Long-Term Capitalism

What We’re Reading: February 2020

February 24, 2020  • Creating the Conditions for Long-Term Capitalism

What We’re Reading is a roundup of current news and commentary on the challenges and opportunities of aligning business decisions with the long-term health of society. This month we’re reading about financial transaction taxes, the convergence of corporate risk and political activism, the multi-faceted dominance of tech, and more.

The Economy

The Tax That Ought to Be in Every Candidate’s Platform (Antonio Weiss, Bloomberg) The idea of a financial transaction tax is having a resurgence. What is it, and how could this approach help solve the problem of funding critical expenditures like health care, education and infrastructure?

Black Workers’ Wages Are Finally Rising (Jeanna Smialek and Ben Casselman, The New York Times) More than a decade after the global financial crisis, the US economy offers some positive data in time for Black History Month 2020. Look closer, though, and the story is decidedly more complex.

Purpose of the Corporation

2020 Will be the Year when Corporate Activism and Global Political Risk Converge (Alison Tayler, Quartz) “In 2020 and beyond, companies will need to decide whose interests they should prioritize.” As questions of values join with incentives, culture, and strategy, balancing stakeholder interests on a global stage will become increasingly challenging. How will this change what it means to do business?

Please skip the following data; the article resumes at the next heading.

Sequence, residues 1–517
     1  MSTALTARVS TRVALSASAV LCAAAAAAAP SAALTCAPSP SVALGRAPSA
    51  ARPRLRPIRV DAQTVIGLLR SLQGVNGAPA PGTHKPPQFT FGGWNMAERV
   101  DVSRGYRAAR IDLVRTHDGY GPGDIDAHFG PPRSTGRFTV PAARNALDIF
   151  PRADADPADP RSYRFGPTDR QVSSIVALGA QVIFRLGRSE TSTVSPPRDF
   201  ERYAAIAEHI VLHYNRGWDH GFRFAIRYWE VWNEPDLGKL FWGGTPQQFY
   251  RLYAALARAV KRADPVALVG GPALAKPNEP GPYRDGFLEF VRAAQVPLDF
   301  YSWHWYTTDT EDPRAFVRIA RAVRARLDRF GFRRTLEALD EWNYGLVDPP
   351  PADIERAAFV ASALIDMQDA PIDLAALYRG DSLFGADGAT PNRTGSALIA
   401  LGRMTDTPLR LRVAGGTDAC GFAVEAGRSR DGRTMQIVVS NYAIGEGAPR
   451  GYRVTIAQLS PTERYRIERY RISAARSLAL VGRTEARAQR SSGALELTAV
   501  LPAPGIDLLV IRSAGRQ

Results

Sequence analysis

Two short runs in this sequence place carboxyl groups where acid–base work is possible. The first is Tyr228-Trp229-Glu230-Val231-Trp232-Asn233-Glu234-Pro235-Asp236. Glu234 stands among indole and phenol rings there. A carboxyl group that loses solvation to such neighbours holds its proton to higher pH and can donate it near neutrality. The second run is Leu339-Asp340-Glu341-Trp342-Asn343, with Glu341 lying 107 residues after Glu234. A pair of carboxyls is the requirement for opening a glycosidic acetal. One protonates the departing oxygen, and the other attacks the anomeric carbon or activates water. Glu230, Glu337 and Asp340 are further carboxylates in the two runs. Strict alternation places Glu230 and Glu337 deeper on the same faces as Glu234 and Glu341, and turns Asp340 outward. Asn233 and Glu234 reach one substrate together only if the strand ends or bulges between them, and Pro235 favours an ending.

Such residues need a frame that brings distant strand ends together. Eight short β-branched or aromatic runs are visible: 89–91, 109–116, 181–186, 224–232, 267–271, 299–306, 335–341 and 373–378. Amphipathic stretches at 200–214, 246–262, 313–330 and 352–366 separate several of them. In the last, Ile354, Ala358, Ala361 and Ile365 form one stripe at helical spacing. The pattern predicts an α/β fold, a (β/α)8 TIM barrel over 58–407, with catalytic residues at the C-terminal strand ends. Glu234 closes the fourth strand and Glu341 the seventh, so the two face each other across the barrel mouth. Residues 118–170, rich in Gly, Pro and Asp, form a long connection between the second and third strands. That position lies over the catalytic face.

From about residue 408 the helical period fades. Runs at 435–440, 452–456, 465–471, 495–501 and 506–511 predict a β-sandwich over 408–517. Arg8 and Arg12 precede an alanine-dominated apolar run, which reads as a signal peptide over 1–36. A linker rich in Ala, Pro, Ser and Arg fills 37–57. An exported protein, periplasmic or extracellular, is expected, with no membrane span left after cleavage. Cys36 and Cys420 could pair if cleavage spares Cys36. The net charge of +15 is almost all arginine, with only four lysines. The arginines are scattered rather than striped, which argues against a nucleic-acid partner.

New Firms for a New Era (Dani Rodrik, Project Syndicate) “In reality, a job is much more than a source of income. It is a crucial part of an adult’s personal and social identity.” How would the economic “theory of the firm” change if this insight were seriously applied?

Worker Voice

The Great Google Revolt (Noam Scheiber and Kate Conger, The New York Times Magazine) A harrowing read on the challenges faced by employees trying to keep their company from taking on projects they view as unethical.

Kickstarter Workers Vote to Form First Union in Tech Industry (April Glaser, NBC News) A story we’ve been following in What We’re Reading. This latest development may have industry-wide implications.


We Need to Talk About ‘Cloud Neutrality’ (Molly Wood, Wired Magazine) A provocative read: “The internet is no longer the essential enabler of the tech economy. That title now belongs to the cloud.”

How to Make Sense of the Latest Tech Surge (The Economist) A stunning statistic: the shares of America’s top five tech firms are worth roughly the same as Germany’s entire stock market. Perhaps more stunning still: the argument that these firms may have yet further to grow—as does the backlash they face.

For more on our work to align business with the long-term good of society, sign up for our monthly newsletter and visit our website. (Please note, the purpose of this newsletter is to highlight what Aspen BSP staff are reading, and is not intended as advertisement or endorsement of content or viewpoints.)